Awesome, those are exactly the kinds of baselines I was hoping were available.
For the sake of apples-to-apples comparisons, we should look at other games released in the same period, of which there are... Basically none? Huh, it really is the summer doldrums.
Ok, let's see what fits in that window on Steam:
Little King's Story -- some sort of indy game with next to no following.
Peaked at 94 CCU at launch (5 Aug), and dropped to 10% of that on 24 Aug, 19 days later. It dropped to ~22% of peak CCU on Aug 15, 10 days after launch. So, that's comparable, though LKS is also a $20 title.
Telltale's Batman ep 1 launched on 2 August, with 4000 CCU, and had dropped to 10% of that on 6 Aug, 4 days later. These are short, episodic games, though, so let's compare THIS to Telltale's previous launch, Walking Dead, on 23 Feb. WD saw its CCU drop to 10% of its launch peak on 29 Feb, 6 days later. WD ep 2 saw it hit 10% peak CCU in 12 days, while ep 3 also hit 10% in 12 days.
Tales from the Borderlands ep 4 was launched in August 2015, and saw its CCU drop to 10% of its launch peak in 9 days. Ep 5 was launched in October 2015, and saw it drop to 10% its peak in 14 days.
That doesn't look quite as bad for NMS, given that people seem, in general, to be quicker to drop a game in August (or July, for that matter, looking at some other titles) than in other months. I mean, it certainly isn't going to make up for a factor of 3 or 4 in the churn rate compared to Witcher or GTA, but if we assume the summer eats about 1/3 of a game's natural lifespan, then NMS's 2 weeks becomes 3, and while that still doesn't put it in the same realm as GTA 5 or Witcher 3, it really extends that retention curve.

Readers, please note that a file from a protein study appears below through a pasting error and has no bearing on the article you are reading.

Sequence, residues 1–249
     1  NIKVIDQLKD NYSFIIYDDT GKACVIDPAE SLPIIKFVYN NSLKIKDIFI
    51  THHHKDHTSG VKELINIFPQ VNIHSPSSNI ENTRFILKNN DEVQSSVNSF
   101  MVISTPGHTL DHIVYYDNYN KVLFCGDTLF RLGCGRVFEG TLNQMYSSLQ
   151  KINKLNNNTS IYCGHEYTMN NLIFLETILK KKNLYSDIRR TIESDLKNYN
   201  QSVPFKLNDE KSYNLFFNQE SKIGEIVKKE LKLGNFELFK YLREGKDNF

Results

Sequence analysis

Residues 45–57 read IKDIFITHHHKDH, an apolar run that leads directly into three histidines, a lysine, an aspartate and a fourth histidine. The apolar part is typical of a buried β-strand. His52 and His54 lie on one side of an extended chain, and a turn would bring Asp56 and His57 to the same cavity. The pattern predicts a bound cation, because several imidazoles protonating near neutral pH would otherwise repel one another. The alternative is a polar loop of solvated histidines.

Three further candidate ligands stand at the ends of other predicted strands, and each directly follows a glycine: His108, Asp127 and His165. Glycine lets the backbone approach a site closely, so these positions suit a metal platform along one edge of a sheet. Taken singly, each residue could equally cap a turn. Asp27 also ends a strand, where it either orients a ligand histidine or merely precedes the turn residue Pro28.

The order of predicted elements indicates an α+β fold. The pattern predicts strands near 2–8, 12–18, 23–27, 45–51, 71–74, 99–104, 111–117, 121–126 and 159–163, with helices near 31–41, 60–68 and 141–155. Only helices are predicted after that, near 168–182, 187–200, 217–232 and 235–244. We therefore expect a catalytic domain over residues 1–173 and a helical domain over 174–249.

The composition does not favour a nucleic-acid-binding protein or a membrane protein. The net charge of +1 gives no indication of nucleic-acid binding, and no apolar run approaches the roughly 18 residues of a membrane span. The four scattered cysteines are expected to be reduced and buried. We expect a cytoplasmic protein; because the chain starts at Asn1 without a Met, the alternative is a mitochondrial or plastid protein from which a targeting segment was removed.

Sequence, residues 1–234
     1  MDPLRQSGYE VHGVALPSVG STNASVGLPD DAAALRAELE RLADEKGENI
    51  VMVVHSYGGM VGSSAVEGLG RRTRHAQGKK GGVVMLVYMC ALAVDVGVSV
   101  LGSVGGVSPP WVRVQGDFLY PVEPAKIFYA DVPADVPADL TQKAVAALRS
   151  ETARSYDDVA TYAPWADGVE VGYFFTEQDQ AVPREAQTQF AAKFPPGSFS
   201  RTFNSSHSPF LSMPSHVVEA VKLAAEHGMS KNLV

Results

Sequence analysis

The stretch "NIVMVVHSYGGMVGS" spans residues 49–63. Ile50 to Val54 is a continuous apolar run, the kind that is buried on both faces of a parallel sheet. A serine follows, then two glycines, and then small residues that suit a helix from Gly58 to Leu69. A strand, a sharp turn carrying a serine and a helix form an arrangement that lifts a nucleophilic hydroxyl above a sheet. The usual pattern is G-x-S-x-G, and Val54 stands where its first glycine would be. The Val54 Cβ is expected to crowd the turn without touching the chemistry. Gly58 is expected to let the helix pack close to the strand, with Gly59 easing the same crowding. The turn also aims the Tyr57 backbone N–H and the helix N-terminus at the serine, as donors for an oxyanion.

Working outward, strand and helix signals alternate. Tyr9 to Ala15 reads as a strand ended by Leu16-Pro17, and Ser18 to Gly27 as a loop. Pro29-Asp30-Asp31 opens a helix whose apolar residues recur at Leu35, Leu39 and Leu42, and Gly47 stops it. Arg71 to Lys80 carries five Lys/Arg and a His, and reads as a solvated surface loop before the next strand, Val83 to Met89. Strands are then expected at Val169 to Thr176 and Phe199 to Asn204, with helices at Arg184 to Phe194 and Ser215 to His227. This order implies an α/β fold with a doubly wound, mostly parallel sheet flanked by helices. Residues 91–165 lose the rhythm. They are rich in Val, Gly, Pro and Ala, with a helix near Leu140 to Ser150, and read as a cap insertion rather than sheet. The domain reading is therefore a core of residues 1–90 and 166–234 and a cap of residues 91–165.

Those games also have several other advantages that haven't been accounted for: They're sequels in popular franchises, they had launches in peak release seasons, they weren't the first PC titles launched by their studios.
That said, there is no fair comparison to make. Hello Games is an indy studio, and they built the game on an indy budet, but it was marketed by Sony as if it were a AAA title. Compared to other indy games, its retention seems to be right on par. Maybe even a little better. Compared to non-blockbuster releases from major publishers, I'm guessing it falls a little short. Compared to other games with its sales numbers?
Yeah, that's definitely where it falls down.